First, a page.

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Between, the Korean application for couples, hit 1 million downloads today, only four months since the startup launched in March.
“We’re trying to make Between like a symbol of commitment,” said Edward Lee, a “Value Innovator” at Between’s parent company, VCNC, in an interview with VentureBeat. “That’s one of the ways that it has gone viral. Ladies started bragging about their guys committing [through Between].”
When we met at the beLAUNCH conference in Seoul, South Korea, this past June, Lee explained that he and chief executive Jaeuk Park would like Between to become a relationship status symbol similar to “a ring in the States.” They want Between to become a step in a person’s relationship, not just an app they use to supplement it. Since launching in March after a beta run starting in November, the company has seemingly done a great job getting people, particularly in Asia, to buy into that notion. The team hit 1 million downloads before their five-month marker, 76 percent of which are Korean users.
According to the company, couples spend a significant amount of time on the app. So much time, Lee says, that it is trending like Facebook usage, which currently sits around 400 minutes per user a month. Between sees an average of 300 minutes per user a month, compared to Tumblr, which see around 100 minutes, and Pinterest at around 80 minutes. This means the app is addicting, despite only being able to interact with one other person.
Since launch, however, a couple competitors popped up in the industry, most notably Y Combinator startup Pair. Pair launched in March as well, right around the same time as Between. The company has gotten attention in the U.S. with quirky features such as the “thumb kiss.” That is, one Pair user can press a thumb up against the phone’s touchscreen and if their mate touches their own thumb at the same time, the phone will vibrate and the thumb kiss is completed. Something to be appreciated by those truly in the thick of love.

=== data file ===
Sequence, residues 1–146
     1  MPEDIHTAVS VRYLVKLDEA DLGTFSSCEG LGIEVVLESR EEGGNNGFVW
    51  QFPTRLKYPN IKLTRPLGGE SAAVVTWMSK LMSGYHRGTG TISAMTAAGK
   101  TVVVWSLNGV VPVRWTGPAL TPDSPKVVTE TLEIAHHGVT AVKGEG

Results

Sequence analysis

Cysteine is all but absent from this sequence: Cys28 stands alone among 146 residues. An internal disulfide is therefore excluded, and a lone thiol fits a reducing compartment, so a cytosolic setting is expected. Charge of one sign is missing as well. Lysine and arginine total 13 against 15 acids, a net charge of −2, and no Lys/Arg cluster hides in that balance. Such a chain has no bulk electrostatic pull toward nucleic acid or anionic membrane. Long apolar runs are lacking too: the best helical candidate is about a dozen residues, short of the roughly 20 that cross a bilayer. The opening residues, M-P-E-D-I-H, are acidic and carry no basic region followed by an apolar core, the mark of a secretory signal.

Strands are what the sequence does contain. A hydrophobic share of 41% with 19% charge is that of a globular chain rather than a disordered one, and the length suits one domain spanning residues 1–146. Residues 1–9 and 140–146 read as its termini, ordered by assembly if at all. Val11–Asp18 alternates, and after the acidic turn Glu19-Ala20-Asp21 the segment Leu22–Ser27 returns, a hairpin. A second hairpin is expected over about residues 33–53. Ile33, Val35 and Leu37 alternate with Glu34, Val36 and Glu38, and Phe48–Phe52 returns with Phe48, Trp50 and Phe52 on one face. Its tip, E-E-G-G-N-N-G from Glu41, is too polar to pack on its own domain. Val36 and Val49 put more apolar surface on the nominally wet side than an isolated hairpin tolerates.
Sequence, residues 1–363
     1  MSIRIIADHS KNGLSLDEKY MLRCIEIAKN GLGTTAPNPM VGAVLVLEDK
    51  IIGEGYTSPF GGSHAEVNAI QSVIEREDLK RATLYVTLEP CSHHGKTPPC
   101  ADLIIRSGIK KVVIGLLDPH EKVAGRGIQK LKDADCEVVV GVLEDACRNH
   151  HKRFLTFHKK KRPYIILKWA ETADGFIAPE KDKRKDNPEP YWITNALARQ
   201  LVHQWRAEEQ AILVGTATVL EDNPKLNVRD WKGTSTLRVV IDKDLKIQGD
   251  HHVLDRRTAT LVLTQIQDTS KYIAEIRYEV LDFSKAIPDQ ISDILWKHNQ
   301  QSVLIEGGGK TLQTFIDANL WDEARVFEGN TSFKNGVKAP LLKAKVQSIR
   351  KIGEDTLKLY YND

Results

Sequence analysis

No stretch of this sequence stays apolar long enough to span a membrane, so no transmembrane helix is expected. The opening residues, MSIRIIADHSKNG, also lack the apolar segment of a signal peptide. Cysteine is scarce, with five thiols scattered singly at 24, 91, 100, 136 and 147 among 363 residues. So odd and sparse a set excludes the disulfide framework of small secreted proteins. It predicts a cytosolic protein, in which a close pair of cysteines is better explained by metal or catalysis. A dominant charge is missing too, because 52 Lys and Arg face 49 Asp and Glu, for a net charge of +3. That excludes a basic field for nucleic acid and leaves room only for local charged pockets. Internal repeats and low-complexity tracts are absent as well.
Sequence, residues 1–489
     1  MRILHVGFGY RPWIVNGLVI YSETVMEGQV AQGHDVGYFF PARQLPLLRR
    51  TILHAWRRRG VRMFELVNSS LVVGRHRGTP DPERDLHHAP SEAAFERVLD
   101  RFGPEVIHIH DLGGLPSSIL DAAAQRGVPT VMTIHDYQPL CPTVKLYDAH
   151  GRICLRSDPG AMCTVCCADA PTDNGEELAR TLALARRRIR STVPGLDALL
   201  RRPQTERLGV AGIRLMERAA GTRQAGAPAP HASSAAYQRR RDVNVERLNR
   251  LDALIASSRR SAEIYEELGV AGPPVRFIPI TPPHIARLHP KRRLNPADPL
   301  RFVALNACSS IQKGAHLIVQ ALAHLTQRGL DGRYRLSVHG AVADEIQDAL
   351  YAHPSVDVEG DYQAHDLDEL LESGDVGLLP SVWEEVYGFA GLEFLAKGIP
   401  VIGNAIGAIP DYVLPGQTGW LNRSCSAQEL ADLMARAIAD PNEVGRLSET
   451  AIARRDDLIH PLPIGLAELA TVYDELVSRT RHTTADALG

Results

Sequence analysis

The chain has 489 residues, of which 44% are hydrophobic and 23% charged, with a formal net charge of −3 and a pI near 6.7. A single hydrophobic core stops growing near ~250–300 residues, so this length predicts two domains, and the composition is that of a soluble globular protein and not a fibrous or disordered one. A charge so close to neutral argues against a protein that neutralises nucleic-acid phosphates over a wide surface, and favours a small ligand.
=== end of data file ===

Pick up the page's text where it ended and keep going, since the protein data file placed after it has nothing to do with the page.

“I could see that they were branding themselves as the only messaging app for couples. That was the direction they were heading,” said Lee of Pair. “But we think in a relationship two things are really important: communications and sharing and keeping memories. That’s one of the differentiations.”
According to Lee, Pair is focused mainly on helping couples talk, whereas Between wants to help people save memories and moments. It does this through photo albums that are chronologically ordered to follow the flow of your relationship (similar to a time line) as well as the upcoming capability to export your data.
Some challenge how large a company like this can grow. Because it only allows for two people to socialize, there’s little opportunity to invite friends or share content widely. And naturally, some relationships do end, meaning accounts are lost and, in Between’s case, data eventually deleted. Indeed, the company gives split-up couples one month to get back together before their data is erased from the system.
But the company plans on expanding its functions. It will soon offer a public space for couples to talk about coupley things: where are good date-night places, couple-centric events, and other related topics. The company is also doing big marketing pushes in Asia, starting with Japan.
“We know it’s going to work in Asia,” said Lee. “We know it is solidly working in South Korea, so we’re expanding to cultures that are similar, which expands to a big bubble in Asia.”
Between plans to push into the U.S. late this year, and starting in July, the company will start looking for funding. In November 2011, Between received a $1 million seed round of funding from Softbank.
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